Sun Devil Lionel Hollins Honored By Trail Blazers With Number Retirement
May 1, 2007
Thirty years ago this June, the Portland Trail Blazers shocked the basketball world winning the NBA Championship over the heavily-favored Philadelphia 76ers, 4-2. With the national spotlight shining on Portland and the ensuing celebrations statewide, the 1977 NBA World Championship proved to be a defining moment for Portland, Oregon.
The Trail Blazers paid special tribute to the 1977 NBA World Champions during ceremonies at Portland's final regular season game against the Golden State Warriors on April 18. The reunion was highlighted by the retiring of the No. 14 jersey worn by former Trail Blazers guard and Arizona State graduate and Hall of Famer, Lionel Hollins, who played an integral role on the championship team.
'The 1977 team set the bar by which all other Trail Blazers teams are judged,' said Mike Golub, Trail Blazers executive vice president. 'It was a very special team and a very special time for the franchise, its fans and the City of Portland.'
'We wanted to make the reunion very special for this team and the consensus among the alumni, coaches and organization was that retiring Lionel Hollins' jersey was long overdue and the right thing to do, so this seemed the perfect opportunity,' added Golub. 'We couldn't be more excited to raise the `Train's' jersey to the rafters to join the other Trail Blazer greats.'
Hollins joined fellow 1977 champion teammates Dave Twardzik (#13), Larry Steele (#15), Maurice Lucas (#20), Bill Walton (#32), and Lloyd Neal (#36) to have their jerseys retired. The only other Trail Blazers to have their jerseys retired are Geoff Petrie (#45) and Clyde Drexler (#22).
The Trail Blazers are also paying homage to the team on trailblazers.com website with a special 1977 World Champions section, which features news, stats, photos, video and a variety of archived material from 1977.
The Trail Blazers drafted Hollins out of Arizona State University with the sixth overall pick in the 1975 NBA Draft. He played five seasons for the Portland Trail Blazers from 1975-1980, averaging 13.6 points per game.
Hollins is currently an assistant coach with the Memphis Grizzlies.
Arizona State inducted Hollins into the Pac-10 Hall of Honor in 2006. The Pac-10 Hall of Honor inducted its first class in March of 2002 at the Pac-10 Tournament Hall of Honor Banquet. Byron Scott was ASU's initial inductee while Ned Wulk (2003), Fat Lever (2004) and Joe Caldwell (2005) followed. The Pac-10 Basketball Hall of Honor was created to recognize athletes and coaches who have made significant contributions to the tradition and heritage of each Pac-10 school's men's basketball program.
A 1986 ASU graduate with a degree in sociology, Hollins is a 1975 charter member of the ASU Hall of Fame and was a two-time team Most Valuable Player who started every game in his two-year career and led ASU to a 43-13 (.768) record. He was the leading scorer at 17.3 points per game in 1973-74 as the Sun Devils went 18-9 and then averaged 16.7 points as ASU went 25-4 in 1974-75 and tied for the Western Athletic Conference title with a 12-2 record. In 1975, Hollins was a first-team All-American by The Sporting News and Converse Yearbook and earned third-team honors by the Associated Press and the National Association of Basketball Coaches (NABC).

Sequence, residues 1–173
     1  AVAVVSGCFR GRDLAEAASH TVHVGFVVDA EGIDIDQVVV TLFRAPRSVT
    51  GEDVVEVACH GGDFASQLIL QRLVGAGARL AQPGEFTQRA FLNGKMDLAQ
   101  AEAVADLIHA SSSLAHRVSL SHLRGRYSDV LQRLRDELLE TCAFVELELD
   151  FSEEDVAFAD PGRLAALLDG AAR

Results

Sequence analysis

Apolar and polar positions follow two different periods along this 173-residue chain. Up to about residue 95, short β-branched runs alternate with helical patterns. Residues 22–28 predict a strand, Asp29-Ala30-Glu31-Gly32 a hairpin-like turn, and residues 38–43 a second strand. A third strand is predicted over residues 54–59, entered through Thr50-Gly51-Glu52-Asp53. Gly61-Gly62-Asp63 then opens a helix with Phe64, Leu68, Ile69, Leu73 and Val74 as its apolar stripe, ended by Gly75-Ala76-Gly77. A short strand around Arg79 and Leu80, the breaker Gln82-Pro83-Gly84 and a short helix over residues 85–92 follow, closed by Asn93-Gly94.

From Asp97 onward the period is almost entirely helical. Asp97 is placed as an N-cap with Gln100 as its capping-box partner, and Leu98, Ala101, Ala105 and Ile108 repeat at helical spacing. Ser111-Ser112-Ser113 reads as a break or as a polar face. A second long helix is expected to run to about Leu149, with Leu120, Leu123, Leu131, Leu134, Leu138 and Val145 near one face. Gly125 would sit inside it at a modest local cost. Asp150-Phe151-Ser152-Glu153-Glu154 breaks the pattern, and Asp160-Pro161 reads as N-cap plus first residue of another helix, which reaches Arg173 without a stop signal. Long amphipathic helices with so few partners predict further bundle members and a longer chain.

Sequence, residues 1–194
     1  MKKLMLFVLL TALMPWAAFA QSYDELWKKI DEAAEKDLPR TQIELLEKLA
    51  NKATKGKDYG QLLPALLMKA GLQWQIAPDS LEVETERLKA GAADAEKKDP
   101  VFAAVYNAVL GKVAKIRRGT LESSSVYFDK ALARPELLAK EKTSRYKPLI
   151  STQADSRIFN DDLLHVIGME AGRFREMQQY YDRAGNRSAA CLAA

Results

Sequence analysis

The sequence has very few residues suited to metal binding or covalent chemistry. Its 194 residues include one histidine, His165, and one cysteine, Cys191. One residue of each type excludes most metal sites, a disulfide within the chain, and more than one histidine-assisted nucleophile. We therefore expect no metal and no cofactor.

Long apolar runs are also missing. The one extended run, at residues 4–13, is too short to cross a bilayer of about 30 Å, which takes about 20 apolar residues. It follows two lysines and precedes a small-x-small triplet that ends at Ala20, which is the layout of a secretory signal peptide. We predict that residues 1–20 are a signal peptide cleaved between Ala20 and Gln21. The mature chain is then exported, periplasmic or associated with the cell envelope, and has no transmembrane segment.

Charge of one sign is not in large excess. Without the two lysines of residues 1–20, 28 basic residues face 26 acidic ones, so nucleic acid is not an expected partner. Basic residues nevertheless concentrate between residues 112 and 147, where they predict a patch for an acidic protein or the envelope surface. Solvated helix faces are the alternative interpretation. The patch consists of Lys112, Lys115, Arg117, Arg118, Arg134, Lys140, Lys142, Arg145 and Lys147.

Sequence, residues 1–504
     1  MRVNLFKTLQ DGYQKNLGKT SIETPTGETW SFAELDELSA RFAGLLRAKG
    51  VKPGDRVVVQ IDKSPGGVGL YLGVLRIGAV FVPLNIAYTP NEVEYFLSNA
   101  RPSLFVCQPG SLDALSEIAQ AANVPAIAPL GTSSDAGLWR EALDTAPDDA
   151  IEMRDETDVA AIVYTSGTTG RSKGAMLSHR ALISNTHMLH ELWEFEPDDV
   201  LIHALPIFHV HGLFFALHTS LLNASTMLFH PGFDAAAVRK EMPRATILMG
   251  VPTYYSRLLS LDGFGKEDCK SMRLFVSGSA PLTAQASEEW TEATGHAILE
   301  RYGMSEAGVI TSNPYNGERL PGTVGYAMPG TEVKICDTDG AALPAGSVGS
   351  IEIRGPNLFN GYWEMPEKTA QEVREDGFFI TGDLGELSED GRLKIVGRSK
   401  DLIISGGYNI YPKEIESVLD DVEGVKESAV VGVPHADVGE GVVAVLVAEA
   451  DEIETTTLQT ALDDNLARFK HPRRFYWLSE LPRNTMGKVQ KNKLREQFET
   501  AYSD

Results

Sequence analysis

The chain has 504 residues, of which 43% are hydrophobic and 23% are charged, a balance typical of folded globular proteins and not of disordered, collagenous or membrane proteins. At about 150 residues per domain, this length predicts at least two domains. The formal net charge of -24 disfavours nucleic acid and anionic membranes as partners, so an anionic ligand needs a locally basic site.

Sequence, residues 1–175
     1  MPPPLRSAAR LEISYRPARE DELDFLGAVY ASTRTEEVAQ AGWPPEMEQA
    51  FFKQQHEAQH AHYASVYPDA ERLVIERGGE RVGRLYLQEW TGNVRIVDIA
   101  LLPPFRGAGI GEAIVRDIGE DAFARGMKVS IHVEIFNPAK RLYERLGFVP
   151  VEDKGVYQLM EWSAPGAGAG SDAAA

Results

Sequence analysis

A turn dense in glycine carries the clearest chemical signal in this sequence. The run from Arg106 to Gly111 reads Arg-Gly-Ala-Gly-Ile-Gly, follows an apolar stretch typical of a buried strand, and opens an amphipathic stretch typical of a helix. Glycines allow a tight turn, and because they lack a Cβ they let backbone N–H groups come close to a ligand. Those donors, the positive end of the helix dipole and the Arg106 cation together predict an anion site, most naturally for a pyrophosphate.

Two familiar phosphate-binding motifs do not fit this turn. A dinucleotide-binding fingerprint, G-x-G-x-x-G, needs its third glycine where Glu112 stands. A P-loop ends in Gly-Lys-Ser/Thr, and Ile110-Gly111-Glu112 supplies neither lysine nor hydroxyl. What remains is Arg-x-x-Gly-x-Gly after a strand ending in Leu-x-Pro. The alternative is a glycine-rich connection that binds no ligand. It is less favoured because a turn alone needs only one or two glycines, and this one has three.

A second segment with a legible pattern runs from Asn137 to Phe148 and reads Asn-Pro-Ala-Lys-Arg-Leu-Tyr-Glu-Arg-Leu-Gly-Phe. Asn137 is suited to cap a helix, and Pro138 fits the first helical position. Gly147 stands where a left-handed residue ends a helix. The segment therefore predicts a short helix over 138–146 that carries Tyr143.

A two-time All-Western Athletic Conference first-team selection, he led ASU to the NCAA Tournament in 1975, as ASU beat No. 10 Alabama (97-94 in Tempe in front of a building-record crowd of 14,733) and 16th-ranked UNLV (84-81 in Portland) before falling to top-ranked UCLA 89-75 in Portland.
He also led the team in assists and minutes per game in both his seasons with 3.1 assists in 31.1 minutes per game in 1973-74 and 5.1 and 31.4 in 1974-75. He was the ASU Holiday Tournament Most Valuable Player in 1974, as ASU beat Montana and Nebraska. ASU went 14-0 in his senior year (1974-75) at home in the newly-opened University Activity Center.
A 6-3 guard, Hollins played two years at Dixie Community College in St. George, Utah, before his stellar Sun Devil career. He was selected by the Portland Trail Blazers with the sixth pick overall in the 1975 NBA draft. He earned All-Rookie honors in 1975-76 and one year later, Bill Walton, Maurice Lucas and Hollins led the Blazers to their first and only NBA championship and. In his five years as a Trail Blazer, he was a three-time All-Defensive team pick and played in the 1978 NBA All-Star Game.
After a decade in the NBA that included three NBA Final appearance and stints with Philadelphia (1980-82), San Diego (1982-83), Detroit (1983-84) and Houston (1984-85), Hollins returned to Arizona State as an assistant coach for the 1985-86 and 1987-88 seasons. He has more than a dozen years of coaching experience at the NBA level, serving as an assistant coach for the Phoenix Suns (1988-95) and Vancouver Grizzlies (1995-1999), helping the Suns to a 394-180 overall record as they posted at least 50 wins and reaching the playoffs in seven straight seasons. The Suns reached the 1993 NBA Finals and won Pacific Division titles in 1993 and 1995.
Hollins also served as the Grizzlies interim head coach during the 1999-2000 season. He also was the head coach of the St. Louis SkyHawks of the USBL and assisted with the Harlem Globetrotters during their 2001 Fall College Exhibition Series. He also served as head coach of the Las Vegas Bandits of the International Basketball League (2000-01), leading the team to a 20-11 record. Twice he has served on the staff of winning NBA All-Star teams, both in Phoenix (1995) and in Salt Lake City (1993).
Hollins was born Oct. 19, 1953 in Arkansas City, Kansas